Terry, my husband of 34 years, was diagnosed with a gliosarcoma brain tumor in July 2010.  It was terminal and we had no hope of recovery.  As word spread, a lifetime of friends and family from all over the globe wanted to know what was happening and how my husband was doing.  My daughter-in-law set me up with a Caring Bridge site and lovingly wrote the first entries.  We all journaled the process of Terry’s amazing journey from life to death to eternal life, in September 2010.  The messages of love that I received, and the ability to let everyone know what was going on was huge.
    I am so grateful for the site.  Thank you.  Susan Marsh, November 2012.



  10. Susan Marsh on November 6, 2012 at 1:27 pm

    Terry, my husband of 34 years, was diagnosed with a gliosarcoma brain tumor in July 2010.  It was terminal and we had no hope of recovery.  As word spread, a lifetime of friends and family from all over the globe wanted to know what was happening and how my husband was doing.  My daughter-in-law set me up with a Caring Bridge site and lovingly wrote the first entries.  We all journaled the process of Terry’s amazing journey from life to death to eternal life, in September 2010.  The messages of love that I received, and the ability to let everyone know what was going on was huge.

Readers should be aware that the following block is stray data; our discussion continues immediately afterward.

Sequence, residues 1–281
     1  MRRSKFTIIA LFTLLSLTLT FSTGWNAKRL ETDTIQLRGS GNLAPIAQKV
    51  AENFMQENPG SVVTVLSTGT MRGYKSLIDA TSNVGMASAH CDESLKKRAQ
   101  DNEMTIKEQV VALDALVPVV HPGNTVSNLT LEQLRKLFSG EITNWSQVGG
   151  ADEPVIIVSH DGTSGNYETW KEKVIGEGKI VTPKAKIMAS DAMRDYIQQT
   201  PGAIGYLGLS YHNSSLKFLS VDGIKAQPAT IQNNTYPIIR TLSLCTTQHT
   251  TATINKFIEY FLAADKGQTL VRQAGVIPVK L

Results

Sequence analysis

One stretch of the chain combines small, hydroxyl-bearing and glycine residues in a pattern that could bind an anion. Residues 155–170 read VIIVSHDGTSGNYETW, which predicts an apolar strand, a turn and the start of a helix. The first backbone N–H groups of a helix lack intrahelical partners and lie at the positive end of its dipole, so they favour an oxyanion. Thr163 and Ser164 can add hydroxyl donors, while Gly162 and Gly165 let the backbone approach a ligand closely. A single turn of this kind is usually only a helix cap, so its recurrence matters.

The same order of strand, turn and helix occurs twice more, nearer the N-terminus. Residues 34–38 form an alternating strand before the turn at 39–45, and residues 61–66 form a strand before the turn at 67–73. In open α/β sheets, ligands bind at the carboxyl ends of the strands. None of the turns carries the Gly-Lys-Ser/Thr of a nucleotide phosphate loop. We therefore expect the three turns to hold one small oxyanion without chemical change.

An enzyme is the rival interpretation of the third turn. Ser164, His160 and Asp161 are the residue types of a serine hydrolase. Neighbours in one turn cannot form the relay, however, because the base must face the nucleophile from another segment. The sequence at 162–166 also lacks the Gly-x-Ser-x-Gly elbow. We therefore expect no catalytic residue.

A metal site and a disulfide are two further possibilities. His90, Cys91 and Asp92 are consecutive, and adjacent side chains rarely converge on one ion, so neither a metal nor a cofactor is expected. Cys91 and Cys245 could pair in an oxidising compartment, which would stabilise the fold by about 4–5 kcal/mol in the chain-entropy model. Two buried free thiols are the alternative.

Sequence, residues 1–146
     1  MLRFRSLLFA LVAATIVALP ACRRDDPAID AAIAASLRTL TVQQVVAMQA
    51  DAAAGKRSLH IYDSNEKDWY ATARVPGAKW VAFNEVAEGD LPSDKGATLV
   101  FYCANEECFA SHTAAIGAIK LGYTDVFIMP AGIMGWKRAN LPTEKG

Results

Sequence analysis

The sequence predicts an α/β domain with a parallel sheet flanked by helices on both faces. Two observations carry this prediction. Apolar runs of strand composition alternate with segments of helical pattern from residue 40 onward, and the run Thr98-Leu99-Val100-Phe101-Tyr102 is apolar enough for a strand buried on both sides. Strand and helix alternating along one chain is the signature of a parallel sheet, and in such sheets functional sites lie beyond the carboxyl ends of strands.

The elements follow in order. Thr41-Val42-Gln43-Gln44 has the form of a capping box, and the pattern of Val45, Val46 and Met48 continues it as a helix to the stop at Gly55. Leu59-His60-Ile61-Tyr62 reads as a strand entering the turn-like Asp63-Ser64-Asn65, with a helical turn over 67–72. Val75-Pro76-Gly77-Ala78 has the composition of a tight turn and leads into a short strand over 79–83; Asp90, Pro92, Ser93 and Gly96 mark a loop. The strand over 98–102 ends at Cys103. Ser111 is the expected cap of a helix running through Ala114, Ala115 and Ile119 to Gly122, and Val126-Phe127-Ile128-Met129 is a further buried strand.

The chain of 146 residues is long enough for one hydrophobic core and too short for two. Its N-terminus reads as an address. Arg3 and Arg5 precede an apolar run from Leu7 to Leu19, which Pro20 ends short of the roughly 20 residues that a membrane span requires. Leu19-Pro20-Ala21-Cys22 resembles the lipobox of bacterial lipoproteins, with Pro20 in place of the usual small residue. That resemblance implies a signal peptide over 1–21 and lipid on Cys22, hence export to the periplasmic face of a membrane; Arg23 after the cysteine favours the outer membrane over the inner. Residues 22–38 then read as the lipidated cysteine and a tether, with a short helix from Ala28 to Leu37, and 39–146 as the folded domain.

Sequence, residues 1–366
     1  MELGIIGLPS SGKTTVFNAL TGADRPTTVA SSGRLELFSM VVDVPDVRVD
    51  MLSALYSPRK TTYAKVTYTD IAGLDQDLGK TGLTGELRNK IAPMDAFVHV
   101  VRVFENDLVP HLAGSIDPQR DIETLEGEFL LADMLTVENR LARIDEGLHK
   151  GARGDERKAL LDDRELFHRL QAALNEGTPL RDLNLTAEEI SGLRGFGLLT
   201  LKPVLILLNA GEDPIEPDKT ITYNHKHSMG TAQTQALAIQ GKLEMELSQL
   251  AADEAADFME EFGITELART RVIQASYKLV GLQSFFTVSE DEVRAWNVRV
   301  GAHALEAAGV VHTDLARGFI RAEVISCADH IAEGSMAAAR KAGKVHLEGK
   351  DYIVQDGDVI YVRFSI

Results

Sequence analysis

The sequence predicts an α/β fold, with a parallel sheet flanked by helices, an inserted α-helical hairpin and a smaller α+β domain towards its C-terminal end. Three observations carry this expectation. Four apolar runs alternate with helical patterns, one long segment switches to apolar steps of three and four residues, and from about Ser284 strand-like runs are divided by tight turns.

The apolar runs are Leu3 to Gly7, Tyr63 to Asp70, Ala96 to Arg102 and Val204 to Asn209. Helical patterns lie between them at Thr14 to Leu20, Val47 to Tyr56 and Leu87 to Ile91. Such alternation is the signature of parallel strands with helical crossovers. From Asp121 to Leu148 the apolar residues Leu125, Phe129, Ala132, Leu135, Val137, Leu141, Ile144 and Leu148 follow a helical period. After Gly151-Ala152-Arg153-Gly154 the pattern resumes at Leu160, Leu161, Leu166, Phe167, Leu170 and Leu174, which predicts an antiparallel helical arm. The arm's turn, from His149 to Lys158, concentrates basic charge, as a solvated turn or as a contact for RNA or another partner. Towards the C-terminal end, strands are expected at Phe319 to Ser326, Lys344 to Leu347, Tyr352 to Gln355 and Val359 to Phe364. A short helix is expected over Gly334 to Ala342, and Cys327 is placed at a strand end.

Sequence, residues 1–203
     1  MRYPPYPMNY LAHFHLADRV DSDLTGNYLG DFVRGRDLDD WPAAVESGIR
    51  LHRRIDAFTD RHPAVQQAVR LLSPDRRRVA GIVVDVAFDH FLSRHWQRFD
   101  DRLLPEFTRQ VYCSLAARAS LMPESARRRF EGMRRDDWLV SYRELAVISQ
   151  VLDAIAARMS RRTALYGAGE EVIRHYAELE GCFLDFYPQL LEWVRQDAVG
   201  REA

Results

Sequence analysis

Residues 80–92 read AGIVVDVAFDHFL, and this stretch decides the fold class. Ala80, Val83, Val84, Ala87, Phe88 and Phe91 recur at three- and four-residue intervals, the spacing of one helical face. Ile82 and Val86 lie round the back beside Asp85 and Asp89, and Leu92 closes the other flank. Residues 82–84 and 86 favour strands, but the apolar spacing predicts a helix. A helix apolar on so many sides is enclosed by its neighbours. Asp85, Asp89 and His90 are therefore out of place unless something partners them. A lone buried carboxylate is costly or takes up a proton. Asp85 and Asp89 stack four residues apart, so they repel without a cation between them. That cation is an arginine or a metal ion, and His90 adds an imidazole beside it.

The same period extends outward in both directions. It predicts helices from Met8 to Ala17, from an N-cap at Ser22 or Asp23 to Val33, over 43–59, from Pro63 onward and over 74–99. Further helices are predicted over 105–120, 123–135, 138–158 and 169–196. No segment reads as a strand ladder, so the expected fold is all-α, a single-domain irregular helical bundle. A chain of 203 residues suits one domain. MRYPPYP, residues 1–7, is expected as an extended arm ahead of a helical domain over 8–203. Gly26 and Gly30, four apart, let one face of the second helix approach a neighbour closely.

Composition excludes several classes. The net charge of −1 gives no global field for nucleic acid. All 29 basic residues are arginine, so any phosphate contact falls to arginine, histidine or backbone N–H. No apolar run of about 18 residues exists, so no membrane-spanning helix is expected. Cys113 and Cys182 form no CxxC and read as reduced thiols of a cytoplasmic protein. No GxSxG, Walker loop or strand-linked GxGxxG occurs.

I am so grateful for the site.  Thank you.  Susan Marsh, November 2012.



  11. Susan Marsh on November 6, 2012 at 7:27 pm

    Terry, my husband of 34 years, was diagnosed with a gliosarcoma brain tumor in July 2010.  It was terminal and we had no hope of recovery.  As word spread, a lifetime of friends and family from all over the globe wanted to know what was happening and how my husband was doing.  My daughter-in-law set me up with a Caring Bridge site and lovingly wrote the first entries.  We all journaled the process of Terry’s amazing journey from life to death to eternal life, in September 2010.  The messages of love that I received, and the ability to let everyone know what was going on was huge.
    I am so grateful for the site.  Thank you.  Susan Marsh, November 2012.



  12. Susan Marsh on November 6, 2012 at 1:27 pm

    Terry, my husband of 34 years, was diagnosed with a gliosarcoma brain tumor in July 2010.  It was terminal and we had no hope of recovery.  As word spread, a lifetime of friends and family from all over the globe wanted to know what was happening and how my husband was doing.  My daughter-in-law set me up with a Caring Bridge site and lovingly wrote the first entries.  We all journaled the process of Terry’s amazing journey from life to death to eternal life, in September 2010.  The messages of love that I received, and the ability to let everyone know what was going on was huge.
    I am so grateful for the site.  Thank you.  Susan Marsh, November 2012.